2. Everything I post on my feed should be “on brand” for bobo design studio.
Knowing that my brand is about wanderlust and adventure, every post I create should be infused with this; from the imagery to the context, and the copy. I want people to thumb through an endless scroll of photos from the hundreds of people they follow and know in an instant that a picture is mine without having to read the caption or see my name above it.
Having a consistent theme for your posts is not just for aesthetics, but it becomes the anchor for which your following identifies you. If I used my social media feed to talk about my bags, then my dog, and the nachos I ate for lunch, and then my new shirt design, and then a video rant of how no one has ever seen a baby pigeon in their life…. Well, you can see, it would be hard for my people to find me in a sea of posts.
Stay on-brand and continue to tell your story consistently so your followers can always spot you.
3. Stay Authentic- and don’t be afraid to be you.
We talked about staying on-brand in your feed. When you post and leave captions, it’s important to be on brand, and remain authentic. But for some of us, we ARE our brand. And that’s where Instagram Stories comes into play. This is the place where you have some wiggle room and can talk about your dog, and the nachos you ate, and your theories about how baby pigeons are like butterflies and they start out as rats and seek shelter in the NYC subway system to build a cocoon and emerge as a full-fledged pigeon. I digress….
Instagram Stories is the safe place where you can be you, it does not interrupt your feed, and people get to see that the brand that they love has real people behind it.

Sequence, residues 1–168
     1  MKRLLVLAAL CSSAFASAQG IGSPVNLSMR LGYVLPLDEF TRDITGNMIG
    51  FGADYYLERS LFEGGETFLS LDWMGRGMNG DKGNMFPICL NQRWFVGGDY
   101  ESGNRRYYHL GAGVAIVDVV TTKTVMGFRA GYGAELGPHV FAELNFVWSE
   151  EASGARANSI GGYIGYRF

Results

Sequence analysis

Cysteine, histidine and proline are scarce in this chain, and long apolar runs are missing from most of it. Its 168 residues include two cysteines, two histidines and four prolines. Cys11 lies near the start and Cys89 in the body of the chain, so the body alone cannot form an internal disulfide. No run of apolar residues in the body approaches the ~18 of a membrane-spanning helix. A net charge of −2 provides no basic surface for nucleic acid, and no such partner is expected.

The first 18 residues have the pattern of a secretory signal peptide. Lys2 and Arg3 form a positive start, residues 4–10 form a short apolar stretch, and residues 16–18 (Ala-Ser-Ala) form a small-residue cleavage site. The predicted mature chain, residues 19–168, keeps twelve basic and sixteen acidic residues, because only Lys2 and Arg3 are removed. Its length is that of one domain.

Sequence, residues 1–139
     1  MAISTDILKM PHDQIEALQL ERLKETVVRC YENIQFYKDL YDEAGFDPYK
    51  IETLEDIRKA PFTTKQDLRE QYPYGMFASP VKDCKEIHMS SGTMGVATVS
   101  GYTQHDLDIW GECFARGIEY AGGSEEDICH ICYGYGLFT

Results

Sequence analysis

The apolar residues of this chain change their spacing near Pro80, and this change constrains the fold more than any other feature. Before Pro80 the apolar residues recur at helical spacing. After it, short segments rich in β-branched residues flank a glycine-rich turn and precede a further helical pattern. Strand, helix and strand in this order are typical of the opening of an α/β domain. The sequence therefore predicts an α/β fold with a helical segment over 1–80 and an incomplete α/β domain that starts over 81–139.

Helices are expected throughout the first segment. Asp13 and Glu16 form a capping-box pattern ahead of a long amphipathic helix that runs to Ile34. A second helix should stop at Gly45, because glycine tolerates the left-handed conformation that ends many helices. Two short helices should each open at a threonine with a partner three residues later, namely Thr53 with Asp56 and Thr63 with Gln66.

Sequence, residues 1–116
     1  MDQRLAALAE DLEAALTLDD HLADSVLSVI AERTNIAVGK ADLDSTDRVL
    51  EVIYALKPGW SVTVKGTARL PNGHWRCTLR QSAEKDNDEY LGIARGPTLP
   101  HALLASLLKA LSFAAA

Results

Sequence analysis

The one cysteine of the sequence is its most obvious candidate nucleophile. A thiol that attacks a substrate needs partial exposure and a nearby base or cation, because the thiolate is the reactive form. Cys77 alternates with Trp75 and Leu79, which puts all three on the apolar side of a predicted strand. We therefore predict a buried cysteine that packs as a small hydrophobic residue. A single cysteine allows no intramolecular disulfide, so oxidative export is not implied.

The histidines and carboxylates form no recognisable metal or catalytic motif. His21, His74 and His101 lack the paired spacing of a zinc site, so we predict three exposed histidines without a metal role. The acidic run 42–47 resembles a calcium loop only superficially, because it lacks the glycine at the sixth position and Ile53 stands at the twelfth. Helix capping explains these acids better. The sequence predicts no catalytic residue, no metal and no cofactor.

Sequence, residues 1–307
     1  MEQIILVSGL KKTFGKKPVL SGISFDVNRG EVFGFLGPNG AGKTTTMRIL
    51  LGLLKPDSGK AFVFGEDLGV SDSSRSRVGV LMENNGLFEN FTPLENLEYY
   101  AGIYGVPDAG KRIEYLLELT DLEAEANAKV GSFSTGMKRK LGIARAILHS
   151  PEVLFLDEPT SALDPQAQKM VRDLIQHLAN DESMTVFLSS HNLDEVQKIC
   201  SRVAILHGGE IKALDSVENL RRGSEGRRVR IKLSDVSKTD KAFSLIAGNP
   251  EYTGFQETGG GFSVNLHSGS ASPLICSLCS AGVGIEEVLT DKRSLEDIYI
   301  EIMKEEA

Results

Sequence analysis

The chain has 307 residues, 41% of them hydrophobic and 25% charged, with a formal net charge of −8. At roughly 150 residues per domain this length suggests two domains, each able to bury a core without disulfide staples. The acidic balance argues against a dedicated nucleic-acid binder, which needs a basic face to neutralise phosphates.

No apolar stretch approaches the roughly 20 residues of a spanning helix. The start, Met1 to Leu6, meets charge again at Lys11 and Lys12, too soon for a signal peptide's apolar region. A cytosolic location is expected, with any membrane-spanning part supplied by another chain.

Will you turn some people off? Sure! But you’ve done yourself a favor by filtering out the folks who are ultimately not “your people.” The people who stick around and follow in your journey, those are the people you want to continue to be present for. Those are your people, and they will invest in you and your brand.
4. The numbers do not define you, measure the success of your brand, or your worth as a person.
THIS THIS THIS! The social currency that is “Instagram likes and comments” is nothing but funny money. It doesn’t mean anything. Try going to Taco Bell and paying for your 4th meal with it. It won’t get you anything.
Instagram metrics don’t define who you are, how good your products are, how well liked you are, or if you are or are not successful. My dog has more followers than me, and she isn’t doing much with her life. She doesn’t even have a job.
Instagram shouldn’t be viewed as a competition with what others are doing, but as the direct line to your audience so you can have conversations with them. Share with them content that they care about, and is authentic and real, and they will always come back for more because that provides value to them.
Is what I do on Instagram the end all be all? No, it’s not. It just works for me and has helped me build trust, increase engagement, and grow a loyal following. Does it still give me anxiety and unwanted stress? Yes. It is no different than any other parts of my business. But we do our best and try to have fun with it. Be thoughtful, but don’t overthink it. Be consistent, but not inflexible. And most importantly stay on brand, while being authentic and real.
If you want to follow along on my journey, you can by going to @bobodesignstudio.